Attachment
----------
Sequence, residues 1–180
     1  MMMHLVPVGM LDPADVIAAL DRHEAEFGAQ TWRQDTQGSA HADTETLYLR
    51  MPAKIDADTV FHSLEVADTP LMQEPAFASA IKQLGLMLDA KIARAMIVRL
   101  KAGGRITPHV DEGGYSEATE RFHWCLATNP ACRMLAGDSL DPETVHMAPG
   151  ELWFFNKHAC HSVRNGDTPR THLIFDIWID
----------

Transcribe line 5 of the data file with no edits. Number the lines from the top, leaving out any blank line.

   151  ELWFFNKHAC HSVRNGDTPR THLIFDIWID